A new survey of hedge funds finds that almost half of respondents believe that decreased market liquidity “is a secular shift that is here to stay”.
The study was conducted by State Street in partnership with the Alternative Investment Management Association (AIMA). It finds that regulations stemming from the 2008 financial crisis, coupled with historically low interest rates and slow rates of growth in the global economy, have constrained the ability of many banks to perform their traditional roles as market makers, which in turn has impacted broader market liquidity conditions.
“Following the US election, global markets have reacted in predictable panic. Equity markets [and] the dollar sold off and gold rallied,” notes Kerim Derhalli, CEO of invstr.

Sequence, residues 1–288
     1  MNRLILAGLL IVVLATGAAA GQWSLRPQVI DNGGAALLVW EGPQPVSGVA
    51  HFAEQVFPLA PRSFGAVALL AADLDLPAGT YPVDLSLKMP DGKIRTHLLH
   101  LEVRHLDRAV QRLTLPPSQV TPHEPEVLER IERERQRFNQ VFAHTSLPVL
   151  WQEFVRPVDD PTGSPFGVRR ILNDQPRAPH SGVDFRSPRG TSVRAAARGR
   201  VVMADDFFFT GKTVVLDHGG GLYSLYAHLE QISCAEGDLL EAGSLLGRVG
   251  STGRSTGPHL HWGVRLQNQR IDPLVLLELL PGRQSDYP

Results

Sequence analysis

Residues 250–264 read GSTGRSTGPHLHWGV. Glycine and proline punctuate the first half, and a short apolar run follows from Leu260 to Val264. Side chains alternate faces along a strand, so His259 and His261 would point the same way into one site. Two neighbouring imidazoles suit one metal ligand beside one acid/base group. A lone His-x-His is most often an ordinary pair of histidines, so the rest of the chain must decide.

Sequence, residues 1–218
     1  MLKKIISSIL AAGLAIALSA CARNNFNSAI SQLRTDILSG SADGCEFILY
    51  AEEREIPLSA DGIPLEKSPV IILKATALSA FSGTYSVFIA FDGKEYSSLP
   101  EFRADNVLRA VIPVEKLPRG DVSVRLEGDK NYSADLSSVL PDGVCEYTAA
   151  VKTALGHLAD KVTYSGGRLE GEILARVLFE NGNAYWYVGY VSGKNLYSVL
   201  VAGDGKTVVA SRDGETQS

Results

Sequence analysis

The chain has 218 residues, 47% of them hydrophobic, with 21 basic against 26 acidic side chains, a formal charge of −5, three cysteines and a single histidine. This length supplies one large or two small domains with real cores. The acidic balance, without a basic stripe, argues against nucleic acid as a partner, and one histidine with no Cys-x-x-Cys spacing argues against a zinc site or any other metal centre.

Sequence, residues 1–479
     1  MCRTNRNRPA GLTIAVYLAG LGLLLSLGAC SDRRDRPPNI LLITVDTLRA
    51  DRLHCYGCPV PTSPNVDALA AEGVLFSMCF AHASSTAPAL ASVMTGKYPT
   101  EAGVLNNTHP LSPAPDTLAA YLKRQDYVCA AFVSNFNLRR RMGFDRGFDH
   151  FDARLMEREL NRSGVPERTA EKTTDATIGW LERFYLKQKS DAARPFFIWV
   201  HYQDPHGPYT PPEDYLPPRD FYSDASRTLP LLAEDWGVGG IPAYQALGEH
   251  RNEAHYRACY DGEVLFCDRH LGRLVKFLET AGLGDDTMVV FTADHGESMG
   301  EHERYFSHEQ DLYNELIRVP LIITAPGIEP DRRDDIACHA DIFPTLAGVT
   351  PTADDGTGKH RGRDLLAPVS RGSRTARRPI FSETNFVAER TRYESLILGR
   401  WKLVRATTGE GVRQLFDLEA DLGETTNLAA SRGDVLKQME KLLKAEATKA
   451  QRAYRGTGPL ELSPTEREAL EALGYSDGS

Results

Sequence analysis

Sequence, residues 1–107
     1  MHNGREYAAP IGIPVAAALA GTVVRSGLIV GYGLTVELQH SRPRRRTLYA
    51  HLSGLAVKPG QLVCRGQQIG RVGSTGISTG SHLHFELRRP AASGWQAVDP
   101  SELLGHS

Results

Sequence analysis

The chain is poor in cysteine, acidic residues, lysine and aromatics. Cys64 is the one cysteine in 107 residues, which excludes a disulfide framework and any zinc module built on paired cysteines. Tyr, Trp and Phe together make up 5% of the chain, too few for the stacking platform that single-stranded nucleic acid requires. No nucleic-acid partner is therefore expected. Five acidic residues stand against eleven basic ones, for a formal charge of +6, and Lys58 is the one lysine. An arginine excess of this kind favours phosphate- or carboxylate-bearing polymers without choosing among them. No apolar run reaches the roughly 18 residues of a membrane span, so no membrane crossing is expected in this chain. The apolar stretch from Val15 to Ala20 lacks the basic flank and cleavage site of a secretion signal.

Profit & Loss previously reported on the immediate aftermath of the surprise US election victory for Donald Trump, but the question facing markets now is: what next?
“Key will be now whether or not Trump will prove to be a populist or a pragmatic president,” says Valentijn Nieuwenhuijzen, chief strategist and head of multi-asset at NN Investment Partners.
In a result that was not seen by pollsters or markets, Donald Trump has, according to US networks, won the US presidential election.
As results came in through the night and the swing to Trump became apparent, equity index futures were crushed, Japan’s Nikkei Index at one stage being 1000 points down, and the US dollar was hit hard as part of a “risk off” trade.